Of course it turned out that it was your son.

What a silly girl not to realize she had what we all dream of  having: someone willing to dedicate his life to our happiness!

You’ve raised such sweet and generous children, my dear friend. They are a beautiful reflection of their mother’s spirit.

It’s late and it’s been a long day. I spent most of it giving travel signatures to students in face masks anxious to get home to their families around the world. I went shopping to stock up on groceries in case there are none the next time I venture to the store. My oldest son stepped off the train this evening at 7:30. Who knows when he’ll get back to New York? Has your son returned home yet? I hope so! Doesn’t it feel good to have everyone together again back in the nest, even though it’s under trying circumstances?

I am sending you lots of love and thinking about what I will write for you tomorrow…

Love,
Adrienne

 

 

Dearest Yang,

 

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I’ve been trying to remember when we first met…Was it nine or ten years ago when you first moved to Charlottesville from Germany and our boys became friends at school? This is the earliest photo I can find of our two boys together.

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They look like they could be brothers…

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At elementary school graduation

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2012

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2012

I think our boys were glad to have each other through their last years at elementary school. Being a non-white student in a rural community with little diversity can be hard. I can’t even imagine how difficult it must have been for your son to go from a German school to an American one. Remember when you told me he never uttered a single word at school and I was shocked, because he never ceased talking at our house? I loved hearing his perfectly unique, lilting Chinese-German accent. Our boys are both sensitive dreamers, who have always marched to the beat of their own drums. Remember how we used to laugh and sigh about their shockingly messy backpacks? And to discover they both never knew what their homework assignments were, and that when they miraculously did manage to complete their homework assignments, they both scrupulously forgot to turn them in? Remember when my boy started to learn Chinese, and we talked about him going with your family to visit China one day? Remember how we discovered they both had a passion for music? We tried (as meddlesome parents are wont to do) to get them to play the piano together. We failed, of course.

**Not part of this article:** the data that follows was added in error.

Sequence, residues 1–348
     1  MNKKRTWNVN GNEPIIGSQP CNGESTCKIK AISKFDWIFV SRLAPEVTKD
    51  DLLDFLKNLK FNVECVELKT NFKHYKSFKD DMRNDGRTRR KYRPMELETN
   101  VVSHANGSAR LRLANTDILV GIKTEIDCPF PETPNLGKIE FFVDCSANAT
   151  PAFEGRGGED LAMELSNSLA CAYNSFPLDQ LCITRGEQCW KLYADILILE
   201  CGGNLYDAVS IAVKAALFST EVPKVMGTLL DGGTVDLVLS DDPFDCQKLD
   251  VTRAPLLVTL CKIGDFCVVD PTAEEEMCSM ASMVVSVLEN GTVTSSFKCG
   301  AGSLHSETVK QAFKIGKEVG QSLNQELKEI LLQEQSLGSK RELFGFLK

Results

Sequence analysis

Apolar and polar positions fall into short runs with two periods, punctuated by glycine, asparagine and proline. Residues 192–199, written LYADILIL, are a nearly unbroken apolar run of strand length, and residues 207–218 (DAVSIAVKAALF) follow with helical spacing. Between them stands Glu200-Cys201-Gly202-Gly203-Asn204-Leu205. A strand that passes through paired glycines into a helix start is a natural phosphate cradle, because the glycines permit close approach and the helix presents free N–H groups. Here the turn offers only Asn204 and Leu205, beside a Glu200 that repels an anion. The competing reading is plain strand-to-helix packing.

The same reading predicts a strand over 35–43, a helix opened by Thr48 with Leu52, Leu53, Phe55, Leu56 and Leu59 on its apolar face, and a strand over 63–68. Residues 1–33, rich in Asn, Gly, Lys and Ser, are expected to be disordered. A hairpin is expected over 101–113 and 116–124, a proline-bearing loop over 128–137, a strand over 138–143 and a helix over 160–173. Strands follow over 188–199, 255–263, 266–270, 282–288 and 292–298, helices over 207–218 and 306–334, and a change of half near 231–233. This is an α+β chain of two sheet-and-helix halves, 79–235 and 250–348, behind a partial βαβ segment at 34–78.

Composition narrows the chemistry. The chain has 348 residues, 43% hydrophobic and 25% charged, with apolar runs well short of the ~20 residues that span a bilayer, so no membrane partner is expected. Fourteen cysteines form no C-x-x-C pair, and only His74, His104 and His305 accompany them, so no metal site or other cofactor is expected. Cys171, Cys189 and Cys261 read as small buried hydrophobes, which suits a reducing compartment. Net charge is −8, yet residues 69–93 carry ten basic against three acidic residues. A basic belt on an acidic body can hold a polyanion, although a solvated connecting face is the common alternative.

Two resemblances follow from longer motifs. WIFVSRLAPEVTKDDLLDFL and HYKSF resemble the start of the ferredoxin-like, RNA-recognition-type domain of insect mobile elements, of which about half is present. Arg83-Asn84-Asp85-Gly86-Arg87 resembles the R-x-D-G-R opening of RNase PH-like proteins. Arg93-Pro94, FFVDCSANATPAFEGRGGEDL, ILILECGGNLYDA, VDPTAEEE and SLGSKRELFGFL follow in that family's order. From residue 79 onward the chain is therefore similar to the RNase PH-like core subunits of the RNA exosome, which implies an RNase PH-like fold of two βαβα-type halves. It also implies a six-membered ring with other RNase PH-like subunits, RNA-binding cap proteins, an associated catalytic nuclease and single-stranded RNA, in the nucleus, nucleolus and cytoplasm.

I’ve been so glad for your friendship over the years. Like our boys, we have a lot of similarities…Maybe we look like we could be sisters? We both married academics from other countries, and followed them to Charlottesville. But you have always been braver and more resilient than I am. I don’t think I could have made the move from China to the U.S. to Germany and back to the U.S. again with three young children in tow. I have always appreciated and admired your open-hearted spirit. I have always loved hearing your generous laugh. Your friendship has been a treasure to me, especially during these last couple of years, which have been difficult for both us. Many of the things that used to bring me joy (like writing) have fallen by the wayside. I wanted to come visit you this week, but I worried about your health. You told me to stay at home, because you worried about mine. You said, “I have to keep you healthy. I like to read what you write to me.” And so this week I will write for you, my dear friend. More tomorrow…

Love,
Adrienne

 

 

Advent

We didn’t get around to doing everything we usually do in the lead up to Christmas. Our advent calendars never got hung, the little decorative trees we usually put out never emerged from their long hibernation in a cabinet somewhere, we never recorded a song for the annual holiday video we make in lieu of a Christmas card…

I apologized to the kids for this year’s lapses. My daughter regretfully noted that it might be her big brother’s last year to experience the traditions we failed to keep. He graciously consoled us by saying, “We’re just so busy…”